Talent rarely flourishes in a vacuum; it needs to be nourished by great mentors and sponsors. Without the Brian Epsteins, John Hammonds and Barry Gordys of the world, we probably would have never heard from some of our most beloved artists.

For Errol Brown (November 12, 1943-May 6, 2015) and Hot Chocolate, that role was played by two British music legends, John Lennon and producer Mickie Most.

Lennon became involved when Hot Chocolate submitted its reggae version of “Give Peace A Chance” to Apple Records. They’d recorded it with new lyrics of their own and needed permission to release the song. Assuming their version would go straight to the trash bin, they didn’t hold out a lot of hope. But a week after receiving it, Apple called to say Lennon had heard the recording, loved it and wanted to sign the band right away! The year was 1969 and The Beatles were on the brink of breaking up, so, unfortunately, the relationship didn’t last.

Mickie Most picked up the band, shortened its name from “The Hot Chocolate Band” to “Hot Chocolate” and proceeded to produce, record and release a string of hits that would last through the 1970s into the 1980s. Hot Chocolate was one of only three acts to make the charts in every single year of the 1970s. (The other two were Elvis Presley and Diana Ross.)

In an interview with Blues and Soul magazine, Brown said of Most: “…you had to have a very strong stomach to work for him…all your ego had to go out the window! But I had SO much respect for him. He’d sold millions of records, he had great ears, and I never found anyone else like him ever again.”

Hot Chocolate’s biggest hit, “You Sexy Thing,” was originally banished to the B-Side by Most. Knowing it wasn’t going to get top billing, Brown played it loose in the studio, singing it an octave higher than his normal range. A DJ in America loved it an urged the label to re-release with “You Sexy Thing” as the A-side. Brown re-recorded it in his usual vocal range, but DJs in the States pushed back. They wanted to keep the quirky original.

Released in 1975, it almost topped at #1 in the UK charts, only to be beat out by Queen’s “Bohemian Rhapsody.” It resurfaced at #6 in 1997 when it made it onto the soundtrack of the hit movie The Full Monty.

Johnny Kemp, Singer of Hit Single “Just Got Paid”

Johnny Kemp (August 2, 1959-April 2015) was a Bahamian-born R&B singer who came to fame with the 1988 hit single and “let’s party” anthem “Just Got Paid.”

Released during the Golden Age of music videos, the song rose to the Top 10 of the Billboard Hot 100 and No. 1 on the Hot Dance Music/Club Play chart. It sold a million copies and was nominated for Best R&B Song in the 1989 Grammy Awards. (It lost to Anita Baker’s “Giving You The Best That I Got.”)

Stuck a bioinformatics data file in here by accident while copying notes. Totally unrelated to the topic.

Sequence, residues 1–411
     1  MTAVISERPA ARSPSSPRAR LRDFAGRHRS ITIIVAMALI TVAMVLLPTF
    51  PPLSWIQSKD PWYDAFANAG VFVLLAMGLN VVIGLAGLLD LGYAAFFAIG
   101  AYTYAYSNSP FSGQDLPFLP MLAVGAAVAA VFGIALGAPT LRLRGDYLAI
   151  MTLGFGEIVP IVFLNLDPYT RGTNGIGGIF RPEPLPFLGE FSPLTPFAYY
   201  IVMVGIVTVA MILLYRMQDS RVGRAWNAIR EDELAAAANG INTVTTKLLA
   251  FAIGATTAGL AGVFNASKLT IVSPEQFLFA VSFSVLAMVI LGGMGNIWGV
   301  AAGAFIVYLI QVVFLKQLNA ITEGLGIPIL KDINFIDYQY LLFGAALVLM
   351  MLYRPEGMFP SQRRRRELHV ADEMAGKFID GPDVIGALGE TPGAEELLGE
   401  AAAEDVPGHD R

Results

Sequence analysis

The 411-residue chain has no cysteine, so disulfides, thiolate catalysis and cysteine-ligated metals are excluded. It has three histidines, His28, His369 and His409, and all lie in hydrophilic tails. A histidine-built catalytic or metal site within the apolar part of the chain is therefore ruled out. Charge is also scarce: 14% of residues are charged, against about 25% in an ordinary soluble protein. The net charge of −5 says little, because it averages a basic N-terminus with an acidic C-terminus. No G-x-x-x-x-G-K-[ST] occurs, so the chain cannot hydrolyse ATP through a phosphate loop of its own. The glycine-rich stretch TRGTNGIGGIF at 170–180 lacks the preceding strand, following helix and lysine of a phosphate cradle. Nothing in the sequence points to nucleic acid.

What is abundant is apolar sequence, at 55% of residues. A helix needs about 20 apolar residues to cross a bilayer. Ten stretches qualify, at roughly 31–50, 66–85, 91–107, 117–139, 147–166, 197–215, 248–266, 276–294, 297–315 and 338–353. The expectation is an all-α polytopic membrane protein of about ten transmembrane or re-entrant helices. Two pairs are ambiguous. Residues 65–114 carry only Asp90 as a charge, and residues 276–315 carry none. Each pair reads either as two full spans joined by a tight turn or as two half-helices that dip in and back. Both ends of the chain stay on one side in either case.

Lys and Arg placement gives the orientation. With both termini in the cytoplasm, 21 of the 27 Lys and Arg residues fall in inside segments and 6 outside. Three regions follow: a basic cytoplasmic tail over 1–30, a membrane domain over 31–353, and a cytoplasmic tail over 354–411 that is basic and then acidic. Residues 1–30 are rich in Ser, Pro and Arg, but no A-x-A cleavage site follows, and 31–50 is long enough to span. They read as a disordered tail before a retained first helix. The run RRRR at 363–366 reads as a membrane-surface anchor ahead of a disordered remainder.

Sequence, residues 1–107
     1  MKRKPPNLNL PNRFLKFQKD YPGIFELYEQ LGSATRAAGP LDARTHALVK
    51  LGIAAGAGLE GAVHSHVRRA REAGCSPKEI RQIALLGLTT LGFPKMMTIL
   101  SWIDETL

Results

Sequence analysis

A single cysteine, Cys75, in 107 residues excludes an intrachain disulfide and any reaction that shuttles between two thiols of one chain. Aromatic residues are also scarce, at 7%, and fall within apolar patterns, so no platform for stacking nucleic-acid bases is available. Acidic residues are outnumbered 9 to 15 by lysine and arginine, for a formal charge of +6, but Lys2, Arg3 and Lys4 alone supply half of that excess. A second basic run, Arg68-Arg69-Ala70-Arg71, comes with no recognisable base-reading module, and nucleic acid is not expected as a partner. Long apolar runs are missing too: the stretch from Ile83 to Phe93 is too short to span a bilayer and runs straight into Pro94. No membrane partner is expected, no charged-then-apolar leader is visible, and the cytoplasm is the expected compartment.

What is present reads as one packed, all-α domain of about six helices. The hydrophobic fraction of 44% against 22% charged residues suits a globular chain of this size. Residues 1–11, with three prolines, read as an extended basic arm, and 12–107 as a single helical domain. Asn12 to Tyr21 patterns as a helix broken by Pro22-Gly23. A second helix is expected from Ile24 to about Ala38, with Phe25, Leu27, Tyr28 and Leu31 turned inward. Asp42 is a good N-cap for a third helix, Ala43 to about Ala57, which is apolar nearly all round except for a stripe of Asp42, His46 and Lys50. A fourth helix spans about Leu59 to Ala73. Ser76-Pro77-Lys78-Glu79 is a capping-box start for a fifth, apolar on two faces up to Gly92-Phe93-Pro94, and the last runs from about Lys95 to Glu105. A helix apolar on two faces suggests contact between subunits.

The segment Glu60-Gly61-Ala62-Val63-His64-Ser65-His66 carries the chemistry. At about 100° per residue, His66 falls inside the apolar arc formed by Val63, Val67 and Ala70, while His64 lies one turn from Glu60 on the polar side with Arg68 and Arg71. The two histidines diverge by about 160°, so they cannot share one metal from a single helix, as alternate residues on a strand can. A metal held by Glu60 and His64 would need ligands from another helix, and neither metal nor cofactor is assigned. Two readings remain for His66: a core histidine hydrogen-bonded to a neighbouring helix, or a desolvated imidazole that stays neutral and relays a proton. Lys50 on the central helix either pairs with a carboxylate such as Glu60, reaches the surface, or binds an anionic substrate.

It is an example of “New Jack Swing,” a genre defined as a fusion between the hard beats of hip-hop and the softer, smoother singing style of R&B. The producer Teddy Riley helped to popularize the style with Kemp and other artists, notably Keith Sweat and Bobby Brown.

“Just Got Paid” began as an instrumental track that Keith Sweat brought to Kemp, who helped write the lyrics. In an effort to sell the song to producers, Kemp recorded a demo, but his version was so well liked that it was released under his name on his second album Secrets of Flying.”

The song has been covered or sampled by other artists, including ‘N Sync and Kurupt.

Other Kemp tracks to hit the charts were “Dancin’ With Myself” and “One Thing Led to Another” from “Secrets of Flying” and “Birthday Suit” from the soundtrack of the 1989 movie “Sing,” starring Lorraine Bracco of “The Sopranos” fame.

Kemp began his career in his native Bahamas, where he sang in clubs from the age of 13. It was around the time The Bahamas gained its independence as a nation and was searching to establish its own post-colonial national and cultural identity. In his book Funky Nassau: Roots, Routes, and Representation in Bahamian Popular Music, author Timothy Rommen notes the tendency of Bahamian musicians to look outside the country, to Motown and Soulsville, for sounds and styles they could identify with. It was within this context that Kemp formed and refined his musical style.

In the late 1970s, Kemp moved to New York City with the Bahamian funk/soul band Kinky Foxx. The group was a fixture of the New York Club scene, performing at venues as the Cellar Club. Kemp left the band before the recording of its single hit “So Different.”

Kemp continued to perform until his tragic death. His Twitter account shows appearances in the past few years with various Old School acts, and he was scheduled to perform on a Tom Joyner Foundation cruise.

This video shows Kemp as part of an all-star finale of “Just Got Paid” at Keith Sweat’s “Sweat Hotel Live.”